Several UC San Diego Seventh College first-year students claimed that their new Seventh College West apartment units were left unclean and unsanitized when they arrived on campus at the beginning of Fall Quarter 2020. The students alleged that they encountered various issues, including used earplugs beneath mattresses, visible dirt on floors, moldy toilet seats, and dirty kitchen cabinets.
Seventh College freshman Paola Mendoza felt that the cleaning of her suite prior to her arrival was unsatisfactory and said that the administration did not live up to the standards outlined in the Return to Learn program.
“Even from the beginning, when I just got here, you could tell that nothing had been sanitized. It was untouched. It was gross,” Mendoza said. “They told us before: ‘Everything is going to be sanitized, clean, safe for you to move in.’ No. I spent the whole day cleaning, sanitizing, and bleaching.”
Seventh College freshman Hayley Pritchard corroborated this and shared a similar experience when inspecting her kitchen drawers when she first moved in.
“I expected everything to be extra sanitized because of [COVID-19] but instead it felt like the apartment hadn’t been touched since March,” Pritchard said. “I only saw it after my parents left. It’s not my first instinct to open all the kitchen drawers — I was just trying to get all my stuff in the apartment.”
Another student, Seventh College freshman Gray Hernard, expressed their discontent upon arriving at their apartment and finding that their room had not been properly cleaned.
“The carpet and the tile are both completely filthy,” Hernard said. “On the tile, I took a little Clorox wipe, and it came back basically black the first time I did it. When I was finally able to Swiffer both, the wet and the dry [towels] came back completely black… if I walk around I’ll get random hair and dust and dirt all over my socks and it’s very clearly not my hair.”
After settling into the apartment, Hernard claimed that there was an ant infestation. After multiple attempts to get in touch with UCSD’s Environment, Health & Safety Pest Management and spending about 50 dollars out-of-pocket on pest and cleaning supplies, Hernard finally had the issue resolved by UCSD Housing Dining Hospitality after submitting a Fix It Request.
“I called pest control a couple times before I was finally able to get through,” Hernard explained. “When I did get through, they told me, ‘We don’t spray any apartments, we only spray outside.’ So they sprayed outside my apartment, and it had no impact whatsoever. I waited like two or three weeks, and the ant problem had not changed in the slightest. I continuously called [Environment, Health & Safety Pest Management] back a couple times, and then finally booked an appointment… within a couple of days all of the ants were gone.”
Hernard added that there were other signs that their suite had not been cleaned properly, citing trash found around their bed.
“My roommate found multiple used earplugs between their mattress and the bedframe,” Hernard said. “There were at least three or four. There was a used q-tip too. It was very clear that it had not been cleaned properly,” said Hernard.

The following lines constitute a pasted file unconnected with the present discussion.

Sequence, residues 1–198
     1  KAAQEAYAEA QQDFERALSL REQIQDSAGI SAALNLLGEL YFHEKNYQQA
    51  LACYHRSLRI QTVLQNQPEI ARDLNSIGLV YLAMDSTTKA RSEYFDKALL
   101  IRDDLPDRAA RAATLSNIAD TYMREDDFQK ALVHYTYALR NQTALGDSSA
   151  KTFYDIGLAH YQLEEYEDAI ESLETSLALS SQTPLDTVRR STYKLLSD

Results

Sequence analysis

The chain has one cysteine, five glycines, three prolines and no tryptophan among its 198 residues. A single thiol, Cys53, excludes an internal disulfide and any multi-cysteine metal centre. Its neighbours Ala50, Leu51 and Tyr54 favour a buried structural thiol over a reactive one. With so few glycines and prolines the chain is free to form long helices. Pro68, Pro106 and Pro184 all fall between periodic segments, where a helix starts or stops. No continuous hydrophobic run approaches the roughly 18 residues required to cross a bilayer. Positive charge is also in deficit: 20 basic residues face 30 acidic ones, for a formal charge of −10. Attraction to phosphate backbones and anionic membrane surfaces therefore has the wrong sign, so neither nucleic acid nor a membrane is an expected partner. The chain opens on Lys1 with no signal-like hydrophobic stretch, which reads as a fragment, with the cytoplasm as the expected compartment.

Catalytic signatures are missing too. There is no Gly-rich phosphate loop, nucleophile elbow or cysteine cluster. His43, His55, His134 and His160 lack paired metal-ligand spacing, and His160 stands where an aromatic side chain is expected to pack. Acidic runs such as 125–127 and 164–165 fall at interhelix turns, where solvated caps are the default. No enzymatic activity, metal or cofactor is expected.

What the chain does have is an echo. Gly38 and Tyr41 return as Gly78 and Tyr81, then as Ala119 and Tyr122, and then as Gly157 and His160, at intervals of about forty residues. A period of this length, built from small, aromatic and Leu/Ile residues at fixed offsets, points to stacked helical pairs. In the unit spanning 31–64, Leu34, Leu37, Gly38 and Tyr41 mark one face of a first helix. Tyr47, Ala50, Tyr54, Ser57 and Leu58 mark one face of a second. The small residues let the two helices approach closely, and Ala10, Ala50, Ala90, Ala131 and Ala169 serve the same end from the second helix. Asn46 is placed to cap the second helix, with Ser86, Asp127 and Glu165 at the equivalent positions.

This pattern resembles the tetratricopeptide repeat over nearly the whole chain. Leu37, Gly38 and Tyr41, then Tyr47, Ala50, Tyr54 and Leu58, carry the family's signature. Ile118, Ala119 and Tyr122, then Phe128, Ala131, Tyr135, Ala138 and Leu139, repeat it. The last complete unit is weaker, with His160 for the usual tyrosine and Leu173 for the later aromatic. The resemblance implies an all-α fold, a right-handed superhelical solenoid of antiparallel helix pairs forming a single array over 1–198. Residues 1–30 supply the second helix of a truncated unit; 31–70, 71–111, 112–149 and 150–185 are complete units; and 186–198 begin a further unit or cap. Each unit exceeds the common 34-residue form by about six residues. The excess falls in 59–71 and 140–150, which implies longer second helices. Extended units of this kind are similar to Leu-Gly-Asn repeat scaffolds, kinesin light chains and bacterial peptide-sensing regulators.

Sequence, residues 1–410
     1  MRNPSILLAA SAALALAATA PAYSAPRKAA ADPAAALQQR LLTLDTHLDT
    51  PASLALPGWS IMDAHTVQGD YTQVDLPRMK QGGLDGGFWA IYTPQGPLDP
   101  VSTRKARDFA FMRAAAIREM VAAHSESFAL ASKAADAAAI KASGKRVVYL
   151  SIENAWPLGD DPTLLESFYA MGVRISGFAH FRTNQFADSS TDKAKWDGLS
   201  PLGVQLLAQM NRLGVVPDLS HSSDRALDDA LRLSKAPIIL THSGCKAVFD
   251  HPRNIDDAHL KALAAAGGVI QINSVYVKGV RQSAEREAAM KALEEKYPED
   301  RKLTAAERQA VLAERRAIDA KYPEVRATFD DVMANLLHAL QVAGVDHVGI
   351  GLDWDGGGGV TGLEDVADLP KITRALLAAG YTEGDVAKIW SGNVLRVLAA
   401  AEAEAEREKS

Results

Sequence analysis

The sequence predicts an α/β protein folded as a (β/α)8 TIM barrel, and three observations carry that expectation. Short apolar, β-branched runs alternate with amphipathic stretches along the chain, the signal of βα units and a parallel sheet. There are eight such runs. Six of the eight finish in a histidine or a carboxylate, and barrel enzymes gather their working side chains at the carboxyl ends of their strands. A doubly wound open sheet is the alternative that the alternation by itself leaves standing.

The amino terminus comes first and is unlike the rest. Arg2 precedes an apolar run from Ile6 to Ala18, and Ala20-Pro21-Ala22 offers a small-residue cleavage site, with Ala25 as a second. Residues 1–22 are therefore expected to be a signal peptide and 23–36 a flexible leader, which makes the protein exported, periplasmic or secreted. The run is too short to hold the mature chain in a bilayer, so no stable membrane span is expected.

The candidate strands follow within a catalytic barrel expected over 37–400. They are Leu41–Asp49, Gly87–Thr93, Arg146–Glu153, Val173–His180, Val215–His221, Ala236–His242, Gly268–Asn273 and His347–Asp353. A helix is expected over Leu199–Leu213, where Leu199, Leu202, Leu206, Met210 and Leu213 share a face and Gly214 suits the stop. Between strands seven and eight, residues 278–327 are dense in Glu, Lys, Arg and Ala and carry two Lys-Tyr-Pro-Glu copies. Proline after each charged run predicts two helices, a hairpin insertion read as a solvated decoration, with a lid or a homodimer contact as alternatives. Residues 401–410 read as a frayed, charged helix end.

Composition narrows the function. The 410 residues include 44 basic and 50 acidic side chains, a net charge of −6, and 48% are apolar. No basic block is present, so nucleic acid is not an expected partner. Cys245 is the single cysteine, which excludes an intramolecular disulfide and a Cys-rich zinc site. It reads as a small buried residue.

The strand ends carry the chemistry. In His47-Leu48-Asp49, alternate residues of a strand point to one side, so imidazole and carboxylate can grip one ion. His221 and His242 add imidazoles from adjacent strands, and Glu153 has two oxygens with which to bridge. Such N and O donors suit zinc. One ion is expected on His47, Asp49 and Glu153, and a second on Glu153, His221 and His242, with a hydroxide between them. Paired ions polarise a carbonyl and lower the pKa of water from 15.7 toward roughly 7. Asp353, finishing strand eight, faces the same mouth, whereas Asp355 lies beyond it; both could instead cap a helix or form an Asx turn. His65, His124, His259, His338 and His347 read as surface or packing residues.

UCSD’s plan to facilitate a safe return to on campus activities has been guided by its Return to Learn plan. It emphasizes an “adaptive model” which listed hygiene, cleaning, and sanitation of undergraduate residences as a way to mitigate the risks of COVID-19 infections.
Prior to the pandemic, UCSD routinely hired limited workers over the summer to complete a deep cleaning of dorm rooms before student move-ins in the fall. Citing COVID-19 public health guidelines, the administration did not hire temporary workers.
Over the summer, UCSD laid off approximately 200 housing and dining employees due to “financial hardships” that came as a result of the Coronavirus pandemic. HDH released a statement saying that the layoff was temporary, and staff would ideally be reinstated in September. The UC San Diego Local American Federation of State, County, and Municipal Employees 3299 claims to have asked the administration to do more hiring, but the university ultimately decided against it.
The UCSD Guardian reached out to HDH about the concerns. In its statement, HDH maintained that spaces were deep-cleaned before student arrivals in the fall.
“The conditions you report are not acceptable and certainly not within the level of service we strive to provide,” the statement said “We did not receive any communication from students about the cleanliness of units during move-in, or the deplorable conditions you describe. If we had, we would have immediately addressed the situation with the resident, the custodial administrator and the on-site custodial supervisor. Students should know they can always communicate directly with us through Fix-It Requests or reaching out to us at x42600 or [email protected]”
Any students affected by these issues are encouraged to reach out to HDH to follow up on their complaints and seek proper restitution. Further information regarding the Winter 2021 Return to Learn plan can be found on the program’s website.
Artwork courtesy of Angela Liang for The UCSD Guardian